Syzygy Saxophone Quartet, 18 January 2019
I’m sure I’ve said this before, but, much as I love the saxophone (in all sizes) as a solo instrument, a quartet is more problematic. Unless the composer/arranger, and/or the players, is/are careful, the sound can end up just too homogeneous to be really interesting. It was an obstacle the Syzygy Quartet’s recital didn’t always succeed in overcoming.
The first half comprised transcriptions of an entertainingly wide variety of pieces, starting with a sprightly version of Rossini’s La Danza, from his vocal collection Les Soirées Musicales. A version of Monti’s Csárdás was effectively moody in the slow sections, nimble in the quicker ones.
In JS Bach’s Italian Concerto the distinctions between solo and tutti that would come readily to a player on a two-manual harpsichord were not always clearly distinguished. But there was plenty of forward drive in the first movement, and the long-drawn lines of the sarabande-like second were finely spun. The finale felt just a little rushed, with some details skated over.
The remainder of the transcriptions in part one were by the group’s baritone player, Neil McGovern. Mozart’s Adagio and Fugue in C minor, K546, and the Sinfony from Handel’s Messiah made a neat pairing, both of them following the outlines of a baroque French overture. Dynamic contrasts were well realised in both pieces, and some deft tonguing brought clarity to the textures of Mozart’s fugue.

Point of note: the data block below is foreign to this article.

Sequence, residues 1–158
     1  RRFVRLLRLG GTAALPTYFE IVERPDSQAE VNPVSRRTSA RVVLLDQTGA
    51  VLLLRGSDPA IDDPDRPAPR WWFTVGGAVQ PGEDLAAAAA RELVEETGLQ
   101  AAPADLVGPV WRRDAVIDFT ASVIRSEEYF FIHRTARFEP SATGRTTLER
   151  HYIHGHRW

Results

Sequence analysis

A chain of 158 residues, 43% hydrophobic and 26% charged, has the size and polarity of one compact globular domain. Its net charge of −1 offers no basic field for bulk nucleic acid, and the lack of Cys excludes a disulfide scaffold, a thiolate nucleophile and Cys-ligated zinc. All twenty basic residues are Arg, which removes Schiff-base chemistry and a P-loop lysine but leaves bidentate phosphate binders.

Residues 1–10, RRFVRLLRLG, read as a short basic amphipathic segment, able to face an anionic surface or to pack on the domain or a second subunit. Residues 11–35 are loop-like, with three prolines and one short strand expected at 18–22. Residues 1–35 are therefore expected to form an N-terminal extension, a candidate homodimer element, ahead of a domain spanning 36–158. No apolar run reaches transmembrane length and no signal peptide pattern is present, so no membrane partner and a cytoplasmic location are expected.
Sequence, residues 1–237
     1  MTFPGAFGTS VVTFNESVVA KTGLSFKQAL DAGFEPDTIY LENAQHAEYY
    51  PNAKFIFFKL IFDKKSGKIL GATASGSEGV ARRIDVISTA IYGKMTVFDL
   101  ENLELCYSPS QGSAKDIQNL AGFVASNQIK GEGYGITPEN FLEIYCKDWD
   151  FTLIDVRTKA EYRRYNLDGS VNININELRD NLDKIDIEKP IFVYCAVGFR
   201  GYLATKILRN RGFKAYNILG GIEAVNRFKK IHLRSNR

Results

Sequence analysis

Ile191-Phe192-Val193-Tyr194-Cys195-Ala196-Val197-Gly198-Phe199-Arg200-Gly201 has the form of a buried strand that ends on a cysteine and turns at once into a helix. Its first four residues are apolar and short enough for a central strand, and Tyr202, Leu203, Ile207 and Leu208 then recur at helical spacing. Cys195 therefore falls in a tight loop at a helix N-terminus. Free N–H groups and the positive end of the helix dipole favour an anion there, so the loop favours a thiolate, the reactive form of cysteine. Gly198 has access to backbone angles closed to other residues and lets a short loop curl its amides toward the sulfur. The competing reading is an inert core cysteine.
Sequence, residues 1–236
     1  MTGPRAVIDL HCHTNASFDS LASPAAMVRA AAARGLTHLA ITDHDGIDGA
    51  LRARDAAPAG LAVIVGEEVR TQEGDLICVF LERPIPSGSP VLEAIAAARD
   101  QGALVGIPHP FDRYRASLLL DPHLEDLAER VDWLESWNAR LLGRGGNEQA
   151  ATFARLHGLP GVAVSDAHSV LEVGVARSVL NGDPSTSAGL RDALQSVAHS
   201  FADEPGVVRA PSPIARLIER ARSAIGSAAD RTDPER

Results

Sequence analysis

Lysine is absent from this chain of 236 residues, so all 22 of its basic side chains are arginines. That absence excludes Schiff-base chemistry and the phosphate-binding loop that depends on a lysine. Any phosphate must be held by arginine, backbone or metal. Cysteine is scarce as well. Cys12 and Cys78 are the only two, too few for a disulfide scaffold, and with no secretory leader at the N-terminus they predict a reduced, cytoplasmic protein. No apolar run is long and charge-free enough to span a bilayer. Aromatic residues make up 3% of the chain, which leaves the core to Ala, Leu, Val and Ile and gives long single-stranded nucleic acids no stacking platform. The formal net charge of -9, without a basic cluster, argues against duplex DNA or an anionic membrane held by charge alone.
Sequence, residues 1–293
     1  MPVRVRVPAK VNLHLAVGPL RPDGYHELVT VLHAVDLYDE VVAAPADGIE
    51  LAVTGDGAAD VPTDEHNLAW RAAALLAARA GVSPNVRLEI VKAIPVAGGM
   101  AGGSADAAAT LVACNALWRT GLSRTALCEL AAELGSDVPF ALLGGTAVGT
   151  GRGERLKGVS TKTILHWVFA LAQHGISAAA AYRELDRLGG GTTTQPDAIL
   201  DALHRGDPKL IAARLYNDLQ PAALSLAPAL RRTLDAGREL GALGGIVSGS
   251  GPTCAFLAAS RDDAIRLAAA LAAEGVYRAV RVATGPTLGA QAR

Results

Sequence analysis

Vaughan Williams’ Six Studies in English Folk-Song was the evening’s most successful item, and a reminder that VW himself used a saxophone in his Sixth Symphony, and three in the Ninth. The performance had all the gentle, haunting qualities needed in the slow-to-slowish first five pieces, allied to moments of dark wistfulness, and relished the reel-like dance of No 6.
The second half was taken up with one substantial work, an original piece for saxophone quartet, which the Syzygy Quartet had a hand in commissioning, Songs for the Coming Days by American composer Dave Maslanka (1943-2017). It clearly demands intense concentration from the players, who couldn’t be faulted in terms of blend, ensemble, and control of tone. The problem, sad to say, was the piece itself. With nine, mostly slow, movements, together lasting nearly fifty minutes, it is taxing to listen to, built as it is from largely undistinguished material, and often with a lack of rhythmic interest. Any one of the movements individually would have made an effective contrast to quicker components of, say, a three-movement work, or might come into its own as the sound-track to appropriate film footage. But the fanfare-like burst of energy of the eighth movement came too late to redress the balance, and the whole piece was something of an endurance test.
Even a re-take of the Rossini, as the encore, did little to raise the spirits.
© Mike Wheeler 2019